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Medium: Two elderly Jews are sitting on a park bench when a group of scantily clad females jogs past them. One says, “Remember when we used to chase after girls like that?” His friend: “Of course I do. I just can’t remember why.”
Light: “Oh, do I have for you a bargain.” “What’s the bargain?” “I can let you have a full-grown elephant for just two hundred dollars.” “Are you insane? I live in a fourth floor walk-up. What am I going to do with an elephant?” “Two hundred dollars, it’s a bargain.” “Bargain, shmargin, I have no room for and no use for an elephant. So the answer is ‘no’. “You are a tough customer. What if I sweeten the offer? Two elephants, just $300.” “Now you’re talking! Sold.”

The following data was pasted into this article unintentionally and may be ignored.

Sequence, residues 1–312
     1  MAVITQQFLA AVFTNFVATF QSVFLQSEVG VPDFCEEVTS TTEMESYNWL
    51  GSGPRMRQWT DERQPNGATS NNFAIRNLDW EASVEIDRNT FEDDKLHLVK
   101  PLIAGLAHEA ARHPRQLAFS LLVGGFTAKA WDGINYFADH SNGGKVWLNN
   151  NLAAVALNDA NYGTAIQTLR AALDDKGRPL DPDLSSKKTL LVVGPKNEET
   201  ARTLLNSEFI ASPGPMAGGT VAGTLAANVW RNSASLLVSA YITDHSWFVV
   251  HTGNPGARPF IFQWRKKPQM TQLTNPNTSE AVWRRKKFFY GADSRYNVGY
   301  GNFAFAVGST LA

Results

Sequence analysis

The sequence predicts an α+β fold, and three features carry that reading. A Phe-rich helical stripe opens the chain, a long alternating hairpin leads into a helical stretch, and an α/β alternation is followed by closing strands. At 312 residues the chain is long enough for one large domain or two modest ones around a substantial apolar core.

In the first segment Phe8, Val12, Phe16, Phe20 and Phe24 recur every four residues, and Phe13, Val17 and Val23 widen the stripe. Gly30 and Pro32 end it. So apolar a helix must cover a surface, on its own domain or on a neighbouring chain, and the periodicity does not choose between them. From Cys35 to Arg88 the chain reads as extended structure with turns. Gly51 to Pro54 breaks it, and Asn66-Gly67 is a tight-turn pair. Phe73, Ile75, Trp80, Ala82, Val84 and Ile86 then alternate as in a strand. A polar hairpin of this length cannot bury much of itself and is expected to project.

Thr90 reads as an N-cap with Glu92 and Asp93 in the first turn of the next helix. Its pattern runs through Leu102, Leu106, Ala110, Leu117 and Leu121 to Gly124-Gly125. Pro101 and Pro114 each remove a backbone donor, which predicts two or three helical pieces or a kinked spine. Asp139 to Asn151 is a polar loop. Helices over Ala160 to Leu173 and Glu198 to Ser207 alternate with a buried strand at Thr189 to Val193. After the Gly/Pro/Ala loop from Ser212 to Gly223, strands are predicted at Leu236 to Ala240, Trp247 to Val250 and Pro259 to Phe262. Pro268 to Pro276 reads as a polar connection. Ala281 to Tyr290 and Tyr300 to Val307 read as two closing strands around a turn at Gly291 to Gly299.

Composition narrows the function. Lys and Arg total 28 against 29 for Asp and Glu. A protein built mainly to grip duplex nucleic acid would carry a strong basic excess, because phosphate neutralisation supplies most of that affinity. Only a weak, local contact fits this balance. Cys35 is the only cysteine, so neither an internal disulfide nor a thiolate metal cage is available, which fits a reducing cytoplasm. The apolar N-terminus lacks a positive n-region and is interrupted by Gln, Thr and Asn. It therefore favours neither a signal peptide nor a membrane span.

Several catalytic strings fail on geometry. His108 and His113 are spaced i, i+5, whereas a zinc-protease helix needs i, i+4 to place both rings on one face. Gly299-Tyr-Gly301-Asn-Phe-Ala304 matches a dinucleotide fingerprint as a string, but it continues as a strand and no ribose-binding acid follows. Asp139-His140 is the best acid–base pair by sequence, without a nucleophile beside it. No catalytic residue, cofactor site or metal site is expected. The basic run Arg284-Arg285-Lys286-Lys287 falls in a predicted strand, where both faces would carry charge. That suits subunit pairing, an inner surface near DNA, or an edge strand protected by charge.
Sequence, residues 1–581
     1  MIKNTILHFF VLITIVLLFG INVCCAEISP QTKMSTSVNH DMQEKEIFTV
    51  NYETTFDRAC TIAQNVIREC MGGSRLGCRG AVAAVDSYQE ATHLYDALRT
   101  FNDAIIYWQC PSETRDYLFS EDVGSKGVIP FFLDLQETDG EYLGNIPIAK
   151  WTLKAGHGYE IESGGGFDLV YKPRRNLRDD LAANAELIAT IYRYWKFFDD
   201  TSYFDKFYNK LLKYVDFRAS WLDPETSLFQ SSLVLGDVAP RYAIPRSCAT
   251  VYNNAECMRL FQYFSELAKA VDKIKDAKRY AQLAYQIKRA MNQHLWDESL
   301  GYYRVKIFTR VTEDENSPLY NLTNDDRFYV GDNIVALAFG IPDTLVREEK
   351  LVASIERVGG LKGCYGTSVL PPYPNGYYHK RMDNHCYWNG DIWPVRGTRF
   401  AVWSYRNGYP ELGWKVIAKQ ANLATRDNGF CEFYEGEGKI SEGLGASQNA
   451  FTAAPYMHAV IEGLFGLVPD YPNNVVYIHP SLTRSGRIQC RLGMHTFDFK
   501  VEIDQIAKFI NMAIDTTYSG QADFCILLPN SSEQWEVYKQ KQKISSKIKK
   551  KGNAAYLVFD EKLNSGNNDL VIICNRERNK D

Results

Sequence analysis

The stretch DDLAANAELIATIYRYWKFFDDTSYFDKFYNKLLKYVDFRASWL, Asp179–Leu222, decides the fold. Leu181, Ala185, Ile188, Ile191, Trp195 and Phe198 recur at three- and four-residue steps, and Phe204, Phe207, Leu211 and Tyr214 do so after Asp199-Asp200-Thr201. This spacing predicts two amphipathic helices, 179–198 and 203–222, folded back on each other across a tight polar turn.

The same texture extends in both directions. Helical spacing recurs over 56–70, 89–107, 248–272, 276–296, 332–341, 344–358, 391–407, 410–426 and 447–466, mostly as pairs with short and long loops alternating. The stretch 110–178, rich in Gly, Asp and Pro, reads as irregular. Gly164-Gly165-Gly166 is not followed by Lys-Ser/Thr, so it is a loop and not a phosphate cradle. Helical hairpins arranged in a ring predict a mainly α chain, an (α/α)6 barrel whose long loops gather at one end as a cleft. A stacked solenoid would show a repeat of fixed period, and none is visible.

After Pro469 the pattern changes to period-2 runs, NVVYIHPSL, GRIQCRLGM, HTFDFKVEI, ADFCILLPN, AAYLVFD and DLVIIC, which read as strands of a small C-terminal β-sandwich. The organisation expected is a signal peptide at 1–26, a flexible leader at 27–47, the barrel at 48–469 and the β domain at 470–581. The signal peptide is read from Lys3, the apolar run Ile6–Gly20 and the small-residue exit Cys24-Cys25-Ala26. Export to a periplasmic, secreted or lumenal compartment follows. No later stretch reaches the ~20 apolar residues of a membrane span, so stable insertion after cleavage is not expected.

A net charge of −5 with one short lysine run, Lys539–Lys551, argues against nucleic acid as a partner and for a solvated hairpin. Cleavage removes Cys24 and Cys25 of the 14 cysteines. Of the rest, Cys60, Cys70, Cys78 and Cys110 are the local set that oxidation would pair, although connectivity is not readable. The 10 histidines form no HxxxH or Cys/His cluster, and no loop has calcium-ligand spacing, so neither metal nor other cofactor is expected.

And so forth, a virtually endless stream of jokes, some self-deprecating, some other-deprecating, all in all a coping mechanism of no small significance. Truth to tell, I am somewhat surprised than only 42% of us list a sense of humor as essential. My father used to complain that many of the jokes we tell do not hinge on the characters being Jewish, and he was right. But by making them Jewish we make them intimate, we lay personal claim to them. And some of them capture enduring truths.
I mean to say, intending no offense, that when you’ve remembered the Holocaust, then what? Sackcloth and ashes? But that is not our way. We rise the next morning, and maybe even rise up. We build a new home for our people, we search out new and then newer ways of doing Jewish. And yes, we work for justice and equality, we try to be gracious to the stranger, we search for meaning, we sing a song – and tell a joke.
Contact Leonard Fein at firstname.lastname@example.org